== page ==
Even in the harsh penal environment of early America, some colonies had laws against feeding lobsters to inmates more than once a week because it was thought to be cruel and unusual, like making people eat rats.
Intermittently the Lobster Festival reappears, and Wallace's mammoth paragraphs, written in a breathless accumulation of clauses and observations, convey the busy and hectic atmosphere. He concludes that the festival shares the "core paradox of all teeming commercial demotic events: It’s not for everyone." As he informed us in the first paragraph, he was sent here in part because of the enthusiasm it inspired in the senior editor of another magazine; but, he remarks,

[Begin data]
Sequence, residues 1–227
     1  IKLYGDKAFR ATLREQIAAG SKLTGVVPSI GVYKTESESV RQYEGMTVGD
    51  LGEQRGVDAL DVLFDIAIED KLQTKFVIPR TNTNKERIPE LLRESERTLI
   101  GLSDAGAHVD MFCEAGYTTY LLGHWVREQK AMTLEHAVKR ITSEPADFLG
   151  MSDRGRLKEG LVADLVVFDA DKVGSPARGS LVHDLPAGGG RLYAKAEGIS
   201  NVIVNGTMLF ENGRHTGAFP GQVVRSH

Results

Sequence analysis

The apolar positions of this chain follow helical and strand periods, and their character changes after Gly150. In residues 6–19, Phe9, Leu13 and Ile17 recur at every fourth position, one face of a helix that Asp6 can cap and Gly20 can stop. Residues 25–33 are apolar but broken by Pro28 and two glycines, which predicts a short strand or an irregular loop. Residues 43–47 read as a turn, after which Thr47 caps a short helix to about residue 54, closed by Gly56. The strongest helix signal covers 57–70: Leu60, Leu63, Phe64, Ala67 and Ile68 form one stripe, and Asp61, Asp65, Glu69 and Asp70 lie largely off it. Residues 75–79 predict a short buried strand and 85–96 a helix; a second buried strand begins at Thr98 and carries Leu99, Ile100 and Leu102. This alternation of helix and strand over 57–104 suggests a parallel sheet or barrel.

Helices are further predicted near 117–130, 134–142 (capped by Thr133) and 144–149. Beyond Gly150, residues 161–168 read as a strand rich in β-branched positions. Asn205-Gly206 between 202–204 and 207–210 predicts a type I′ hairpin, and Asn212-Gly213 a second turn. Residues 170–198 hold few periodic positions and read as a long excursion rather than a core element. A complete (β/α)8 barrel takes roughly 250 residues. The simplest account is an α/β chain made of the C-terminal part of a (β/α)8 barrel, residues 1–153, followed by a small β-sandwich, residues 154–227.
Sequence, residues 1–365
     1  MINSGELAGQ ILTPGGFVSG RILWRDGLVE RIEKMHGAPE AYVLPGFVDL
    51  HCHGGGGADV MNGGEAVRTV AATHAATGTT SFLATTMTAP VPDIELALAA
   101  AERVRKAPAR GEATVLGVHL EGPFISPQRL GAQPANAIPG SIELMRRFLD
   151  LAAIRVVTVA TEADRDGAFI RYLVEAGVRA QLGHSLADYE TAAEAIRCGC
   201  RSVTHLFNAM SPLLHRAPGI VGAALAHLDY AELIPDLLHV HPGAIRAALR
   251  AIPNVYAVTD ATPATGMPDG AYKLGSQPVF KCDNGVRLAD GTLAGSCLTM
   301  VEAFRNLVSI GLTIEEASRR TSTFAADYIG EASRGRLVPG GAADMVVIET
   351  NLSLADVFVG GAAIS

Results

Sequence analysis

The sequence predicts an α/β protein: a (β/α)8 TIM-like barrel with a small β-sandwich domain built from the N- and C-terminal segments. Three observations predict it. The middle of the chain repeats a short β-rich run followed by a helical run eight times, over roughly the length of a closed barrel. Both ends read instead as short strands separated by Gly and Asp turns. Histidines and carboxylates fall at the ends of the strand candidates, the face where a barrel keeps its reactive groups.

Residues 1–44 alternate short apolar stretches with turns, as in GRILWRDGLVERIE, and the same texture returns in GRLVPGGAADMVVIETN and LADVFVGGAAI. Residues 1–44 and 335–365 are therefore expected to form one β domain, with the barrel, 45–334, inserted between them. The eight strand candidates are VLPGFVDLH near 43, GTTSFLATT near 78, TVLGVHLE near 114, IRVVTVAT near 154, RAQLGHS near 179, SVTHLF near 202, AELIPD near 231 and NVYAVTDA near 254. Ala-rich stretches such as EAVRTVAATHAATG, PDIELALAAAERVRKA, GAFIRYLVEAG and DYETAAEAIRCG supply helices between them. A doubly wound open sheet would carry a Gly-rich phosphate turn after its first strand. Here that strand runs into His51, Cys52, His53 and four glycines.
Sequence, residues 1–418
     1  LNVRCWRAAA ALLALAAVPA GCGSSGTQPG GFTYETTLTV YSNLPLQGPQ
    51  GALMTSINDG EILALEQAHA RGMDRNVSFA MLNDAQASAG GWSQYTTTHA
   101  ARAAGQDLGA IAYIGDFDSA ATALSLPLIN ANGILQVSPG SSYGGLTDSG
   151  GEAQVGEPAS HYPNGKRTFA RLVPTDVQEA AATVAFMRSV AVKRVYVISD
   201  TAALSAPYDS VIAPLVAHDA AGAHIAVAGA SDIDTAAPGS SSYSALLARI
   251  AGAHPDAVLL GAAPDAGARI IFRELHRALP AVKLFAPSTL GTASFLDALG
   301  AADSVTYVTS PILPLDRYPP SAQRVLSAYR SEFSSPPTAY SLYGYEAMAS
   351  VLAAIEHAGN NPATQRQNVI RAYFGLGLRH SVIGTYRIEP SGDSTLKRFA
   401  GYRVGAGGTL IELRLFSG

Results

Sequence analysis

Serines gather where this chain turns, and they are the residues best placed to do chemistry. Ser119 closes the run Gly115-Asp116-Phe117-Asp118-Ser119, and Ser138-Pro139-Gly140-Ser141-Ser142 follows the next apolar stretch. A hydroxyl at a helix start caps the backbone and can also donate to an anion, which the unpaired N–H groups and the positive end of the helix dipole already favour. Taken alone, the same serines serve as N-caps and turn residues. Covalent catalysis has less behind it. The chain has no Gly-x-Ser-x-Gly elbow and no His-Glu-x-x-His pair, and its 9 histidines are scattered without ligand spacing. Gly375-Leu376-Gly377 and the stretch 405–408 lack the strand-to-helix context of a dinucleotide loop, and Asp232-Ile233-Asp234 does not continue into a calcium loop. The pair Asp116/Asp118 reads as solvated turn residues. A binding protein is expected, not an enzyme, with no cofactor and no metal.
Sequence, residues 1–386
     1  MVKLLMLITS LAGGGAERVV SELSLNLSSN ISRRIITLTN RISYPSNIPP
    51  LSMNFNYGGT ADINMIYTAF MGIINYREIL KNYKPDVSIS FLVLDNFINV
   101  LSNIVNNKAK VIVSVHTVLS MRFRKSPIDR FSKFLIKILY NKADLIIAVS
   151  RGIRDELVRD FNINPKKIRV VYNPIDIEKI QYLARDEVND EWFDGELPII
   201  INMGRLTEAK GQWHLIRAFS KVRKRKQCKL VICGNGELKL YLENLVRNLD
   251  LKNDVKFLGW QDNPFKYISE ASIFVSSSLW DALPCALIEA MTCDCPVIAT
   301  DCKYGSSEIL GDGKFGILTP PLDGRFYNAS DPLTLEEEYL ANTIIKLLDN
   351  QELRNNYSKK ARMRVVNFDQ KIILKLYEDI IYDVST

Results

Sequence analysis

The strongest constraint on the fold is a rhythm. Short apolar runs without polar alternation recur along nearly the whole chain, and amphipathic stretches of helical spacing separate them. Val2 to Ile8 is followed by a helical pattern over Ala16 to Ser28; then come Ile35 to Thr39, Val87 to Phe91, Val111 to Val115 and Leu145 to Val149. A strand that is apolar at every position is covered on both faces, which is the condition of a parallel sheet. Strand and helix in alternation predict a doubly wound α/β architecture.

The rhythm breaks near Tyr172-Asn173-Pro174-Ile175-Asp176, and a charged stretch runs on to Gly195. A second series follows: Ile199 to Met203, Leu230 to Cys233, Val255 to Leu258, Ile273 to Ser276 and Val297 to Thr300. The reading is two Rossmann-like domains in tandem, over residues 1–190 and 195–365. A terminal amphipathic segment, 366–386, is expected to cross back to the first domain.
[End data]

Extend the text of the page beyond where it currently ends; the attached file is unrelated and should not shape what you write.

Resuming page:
I’d be surprised if she’d spent much time here in Harbor Park, watching people slap canal-zone mosquitoes as they eat deep-fried Twinkies and watch Professor Paddywhack, on six-foot stilts in a raincoat with plastic lobsters protruding from all directions on springs, terrify their children.
After describing how the arthropods are cooked, he mentions how they are harvested and held. One sadder detail is that their claws are bound together so that they don't rip each other up in response to their crowded captivity. But right after that comes a macabre but funny observation, on buying lobsters in tanks, "from which you can pick out your supper while it watches you point."

On that note, more or less, he asks the central question of the essay:
Is it all right to boil a sentient creature alive just for our gustatory pleasure?